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Interchange – The Significant Insignificance of Juneteenth


Last Friday, June 19th, was Juneteenth–do you know what that is?

To celebrate the emancipation of enslaved Africans in the United States as a realized freedom in this country has always been and continues to be a battle. This freedom is at the heart of racist hate crimes perpetrated by Whites upon Black Americans and the murders of nine Black Americans inside their church in Charleston, South Carolina, by a White Supremacist, are only one grim example of that struggle.

Topics Covered
The Emancipation Proclamation
The Confederate flag
White Supremacy
Ku Klux Klan
Charleston, South Carolina
Juneteenth (Freedom Day)
Abraham Lincoln

Amrita Chakrabarti Myers is Associate Professor of History and Gender Studies at Indiana University and author of Forging Freedom: Black Women and the Pursuit of Liberty in Antebellum Charleston. Amrita joins us via a pre-recorded conversation I had with her on June 18th.

Amira Millicent Davis holds a PhD from the University of Illinois-Urbana in Educational Policy Studies with a concentration in African American Studies and an EdM in Curriculum and Instruction with an emphasis on culturally-centered curriculum and pedagogy. Her research interests are community-based, multigenerational arts and literacy programs, critical theory, Black women’s gender theories, and performance as public pedagogy. She’s a warrior mother, grandmother, and community mother; arts-activist, and educator.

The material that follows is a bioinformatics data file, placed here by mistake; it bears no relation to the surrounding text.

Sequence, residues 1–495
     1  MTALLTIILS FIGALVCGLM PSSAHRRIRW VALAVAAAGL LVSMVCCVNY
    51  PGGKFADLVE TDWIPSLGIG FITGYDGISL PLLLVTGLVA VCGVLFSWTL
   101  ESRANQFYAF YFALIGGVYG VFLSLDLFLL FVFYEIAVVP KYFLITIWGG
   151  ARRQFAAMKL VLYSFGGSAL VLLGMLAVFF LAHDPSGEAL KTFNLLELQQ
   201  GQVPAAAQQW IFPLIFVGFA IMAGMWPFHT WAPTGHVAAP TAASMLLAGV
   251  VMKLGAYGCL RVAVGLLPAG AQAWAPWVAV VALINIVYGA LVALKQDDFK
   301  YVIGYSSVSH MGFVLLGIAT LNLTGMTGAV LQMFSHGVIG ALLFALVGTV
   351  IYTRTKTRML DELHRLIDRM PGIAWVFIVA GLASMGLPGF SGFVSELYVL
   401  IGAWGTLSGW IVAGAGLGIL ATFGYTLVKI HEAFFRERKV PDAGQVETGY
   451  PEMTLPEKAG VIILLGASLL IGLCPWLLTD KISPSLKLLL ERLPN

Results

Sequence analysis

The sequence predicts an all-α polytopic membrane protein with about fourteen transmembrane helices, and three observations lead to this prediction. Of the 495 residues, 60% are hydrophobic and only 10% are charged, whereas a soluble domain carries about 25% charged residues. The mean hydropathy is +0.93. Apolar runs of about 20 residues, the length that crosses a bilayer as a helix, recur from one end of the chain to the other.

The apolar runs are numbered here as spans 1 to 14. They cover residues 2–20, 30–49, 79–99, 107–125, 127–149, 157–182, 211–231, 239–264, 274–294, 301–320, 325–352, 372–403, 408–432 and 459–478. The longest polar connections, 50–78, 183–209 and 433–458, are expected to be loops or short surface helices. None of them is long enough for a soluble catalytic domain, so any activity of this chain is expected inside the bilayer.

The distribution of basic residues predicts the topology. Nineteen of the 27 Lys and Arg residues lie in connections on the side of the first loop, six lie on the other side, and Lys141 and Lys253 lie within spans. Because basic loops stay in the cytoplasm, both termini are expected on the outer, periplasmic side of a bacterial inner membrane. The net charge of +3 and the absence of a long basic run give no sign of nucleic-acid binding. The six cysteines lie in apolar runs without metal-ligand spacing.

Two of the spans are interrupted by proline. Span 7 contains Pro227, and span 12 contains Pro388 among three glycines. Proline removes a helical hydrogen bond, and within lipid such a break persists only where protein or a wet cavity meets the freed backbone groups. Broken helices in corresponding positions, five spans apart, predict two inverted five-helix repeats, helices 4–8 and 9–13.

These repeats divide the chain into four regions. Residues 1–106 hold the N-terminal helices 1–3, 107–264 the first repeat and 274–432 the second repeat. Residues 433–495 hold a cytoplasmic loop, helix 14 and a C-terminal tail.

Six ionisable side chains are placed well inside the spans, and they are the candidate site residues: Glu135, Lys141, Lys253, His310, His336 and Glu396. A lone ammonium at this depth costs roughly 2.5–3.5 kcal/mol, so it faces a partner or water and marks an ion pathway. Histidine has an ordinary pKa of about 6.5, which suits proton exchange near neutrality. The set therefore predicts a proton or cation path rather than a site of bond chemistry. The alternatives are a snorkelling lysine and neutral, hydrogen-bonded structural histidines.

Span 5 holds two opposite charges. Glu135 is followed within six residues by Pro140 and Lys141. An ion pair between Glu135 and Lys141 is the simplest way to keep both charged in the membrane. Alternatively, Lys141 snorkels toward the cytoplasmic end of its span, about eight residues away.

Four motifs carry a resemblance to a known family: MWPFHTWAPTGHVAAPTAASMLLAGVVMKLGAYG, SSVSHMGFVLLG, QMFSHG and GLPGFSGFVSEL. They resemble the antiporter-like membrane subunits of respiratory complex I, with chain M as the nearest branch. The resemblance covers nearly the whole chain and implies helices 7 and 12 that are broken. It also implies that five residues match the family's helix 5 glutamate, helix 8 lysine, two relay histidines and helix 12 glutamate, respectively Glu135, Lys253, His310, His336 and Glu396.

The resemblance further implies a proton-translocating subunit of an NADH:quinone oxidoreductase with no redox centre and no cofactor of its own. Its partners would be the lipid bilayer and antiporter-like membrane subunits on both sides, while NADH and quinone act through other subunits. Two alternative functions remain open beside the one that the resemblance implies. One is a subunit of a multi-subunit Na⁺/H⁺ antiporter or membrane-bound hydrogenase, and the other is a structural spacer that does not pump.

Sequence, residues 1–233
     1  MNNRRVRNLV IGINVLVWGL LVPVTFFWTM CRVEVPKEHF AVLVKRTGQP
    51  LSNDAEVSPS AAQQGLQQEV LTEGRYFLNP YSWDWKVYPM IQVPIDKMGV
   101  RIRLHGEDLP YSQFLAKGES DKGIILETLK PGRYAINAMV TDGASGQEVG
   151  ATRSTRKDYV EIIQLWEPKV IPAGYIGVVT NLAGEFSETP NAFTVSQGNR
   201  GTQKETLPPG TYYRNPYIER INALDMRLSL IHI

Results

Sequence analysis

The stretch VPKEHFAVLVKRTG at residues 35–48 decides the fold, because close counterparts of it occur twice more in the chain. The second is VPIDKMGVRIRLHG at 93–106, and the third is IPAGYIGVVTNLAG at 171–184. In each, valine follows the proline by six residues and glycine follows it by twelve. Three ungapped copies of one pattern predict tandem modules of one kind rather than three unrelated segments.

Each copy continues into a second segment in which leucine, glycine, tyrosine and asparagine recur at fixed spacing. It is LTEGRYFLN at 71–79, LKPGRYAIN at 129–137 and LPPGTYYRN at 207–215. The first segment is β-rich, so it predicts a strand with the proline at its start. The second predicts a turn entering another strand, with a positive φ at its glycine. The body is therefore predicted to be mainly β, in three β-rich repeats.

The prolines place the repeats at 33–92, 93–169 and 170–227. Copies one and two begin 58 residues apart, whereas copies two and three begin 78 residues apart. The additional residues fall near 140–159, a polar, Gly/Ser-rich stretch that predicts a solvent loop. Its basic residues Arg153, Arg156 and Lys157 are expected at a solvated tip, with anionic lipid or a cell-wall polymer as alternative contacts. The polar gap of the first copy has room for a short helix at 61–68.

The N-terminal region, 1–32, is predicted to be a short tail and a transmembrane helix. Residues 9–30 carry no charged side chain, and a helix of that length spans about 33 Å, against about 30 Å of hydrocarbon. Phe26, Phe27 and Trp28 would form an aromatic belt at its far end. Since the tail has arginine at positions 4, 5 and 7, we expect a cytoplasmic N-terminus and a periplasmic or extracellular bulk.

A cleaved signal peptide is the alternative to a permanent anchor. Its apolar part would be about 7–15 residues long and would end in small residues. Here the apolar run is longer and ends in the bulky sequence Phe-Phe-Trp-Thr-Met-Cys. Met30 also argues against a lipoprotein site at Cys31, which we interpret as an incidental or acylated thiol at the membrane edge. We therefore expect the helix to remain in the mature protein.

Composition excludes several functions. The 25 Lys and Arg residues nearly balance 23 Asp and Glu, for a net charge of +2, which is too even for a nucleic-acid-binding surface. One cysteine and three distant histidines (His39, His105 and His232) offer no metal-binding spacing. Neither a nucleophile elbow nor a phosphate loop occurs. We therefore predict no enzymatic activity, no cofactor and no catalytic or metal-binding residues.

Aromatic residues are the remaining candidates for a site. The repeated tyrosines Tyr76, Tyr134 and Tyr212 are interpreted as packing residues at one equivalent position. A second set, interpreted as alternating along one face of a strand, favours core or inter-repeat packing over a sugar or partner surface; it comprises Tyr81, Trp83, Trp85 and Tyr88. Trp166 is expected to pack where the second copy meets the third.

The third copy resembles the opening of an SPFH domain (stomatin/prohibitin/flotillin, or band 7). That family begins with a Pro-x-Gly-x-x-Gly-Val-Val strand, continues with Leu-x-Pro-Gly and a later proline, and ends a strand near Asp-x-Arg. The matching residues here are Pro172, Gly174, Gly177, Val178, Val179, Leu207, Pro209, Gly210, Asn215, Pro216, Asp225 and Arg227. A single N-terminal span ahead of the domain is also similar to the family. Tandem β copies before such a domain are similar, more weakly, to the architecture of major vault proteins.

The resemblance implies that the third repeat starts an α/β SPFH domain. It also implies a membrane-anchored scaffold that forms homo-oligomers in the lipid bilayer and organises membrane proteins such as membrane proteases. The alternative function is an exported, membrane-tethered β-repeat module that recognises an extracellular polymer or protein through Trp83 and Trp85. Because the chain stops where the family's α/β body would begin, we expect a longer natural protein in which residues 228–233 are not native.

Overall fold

Of Related Interest
The Long Campaign by White Supremacists to “Take Our Country Back”

Charles Mingus – “Original Faubus Fables” (1960)
The Staple Singers – “Swing Down, Sweet Chariot”
Leadbelly – “Take This Hammer”
Charles Mingus – “Fables of Faubus” (1959)

Next Week
Next week on Interchange, “The Essential Ellen Willis.” We’ll explore the thought and writing of The New Yorker magazine’s first Rock Critic and the cofounder of the radical feminist group the Redstockings, Ellen Willis. Her essays have been described as always unsettling, combining passion and moral clarity, espresso for the feminist soul, and as relevant as ever with a continuing influence on critics of American culture today. We’re joined by Nona Willis Aronowitz to discuss the writings of her mother, Ellen Wills, next Tuesday on Interchange.

Producer & Host: Doug Storm
Board Engineer: Jonathan Richardson
Executive Producer: Joe Crawford

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